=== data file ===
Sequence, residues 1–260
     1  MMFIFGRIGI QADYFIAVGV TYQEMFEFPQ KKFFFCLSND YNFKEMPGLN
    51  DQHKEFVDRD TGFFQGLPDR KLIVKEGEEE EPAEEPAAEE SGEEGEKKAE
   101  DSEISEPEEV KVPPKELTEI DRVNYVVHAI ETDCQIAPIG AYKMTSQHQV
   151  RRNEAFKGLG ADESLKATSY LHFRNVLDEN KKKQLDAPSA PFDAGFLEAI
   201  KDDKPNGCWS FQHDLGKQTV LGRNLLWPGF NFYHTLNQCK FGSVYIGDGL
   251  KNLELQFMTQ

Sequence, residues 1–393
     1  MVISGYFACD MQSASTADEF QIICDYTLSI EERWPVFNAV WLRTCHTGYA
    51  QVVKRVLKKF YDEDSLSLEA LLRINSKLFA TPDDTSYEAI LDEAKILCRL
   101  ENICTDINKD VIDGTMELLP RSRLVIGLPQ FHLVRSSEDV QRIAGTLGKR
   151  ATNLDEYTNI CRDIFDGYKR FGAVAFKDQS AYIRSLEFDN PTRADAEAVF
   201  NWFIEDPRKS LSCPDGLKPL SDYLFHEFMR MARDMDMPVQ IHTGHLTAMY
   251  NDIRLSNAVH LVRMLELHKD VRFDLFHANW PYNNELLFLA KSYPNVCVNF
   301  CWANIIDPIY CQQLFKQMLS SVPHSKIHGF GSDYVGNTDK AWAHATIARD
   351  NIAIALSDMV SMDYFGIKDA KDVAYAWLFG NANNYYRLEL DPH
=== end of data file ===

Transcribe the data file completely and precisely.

Sequence, residues 1–260
     1  MMFIFGRIGI QADYFIAVGV TYQEMFEFPQ KKFFFCLSND YNFKEMPGLN
    51  DQHKEFVDRD TGFFQGLPDR KLIVKEGEEE EPAEEPAAEE SGEEGEKKAE
   101  DSEISEPEEV KVPPKELTEI DRVNYVVHAI ETDCQIAPIG AYKMTSQHQV
   151  RRNEAFKGLG ADESLKATSY LHFRNVLDEN KKKQLDAPSA PFDAGFLEAI
   201  KDDKPNGCWS FQHDLGKQTV LGRNLLWPGF NFYHTLNQCK FGSVYIGDGL
   251  KNLELQFMTQ

Sequence, residues 1–393
     1  MVISGYFACD MQSASTADEF QIICDYTLSI EERWPVFNAV WLRTCHTGYA
    51  QVVKRVLKKF YDEDSLSLEA LLRINSKLFA TPDDTSYEAI LDEAKILCRL
   101  ENICTDINKD VIDGTMELLP RSRLVIGLPQ FHLVRSSEDV QRIAGTLGKR
   151  ATNLDEYTNI CRDIFDGYKR FGAVAFKDQS AYIRSLEFDN PTRADAEAVF
   201  NWFIEDPRKS LSCPDGLKPL SDYLFHEFMR MARDMDMPVQ IHTGHLTAMY
   251  NDIRLSNAVH LVRMLELHKD VRFDLFHANW PYNNELLFLA KSYPNVCVNF
   301  CWANIIDPIY CQQLFKQMLS SVPHSKIHGF GSDYVGNTDK AWAHATIARD
   351  NIAIALSDMV SMDYFGIKDA KDVAYAWLFG NANNYYRLEL DPH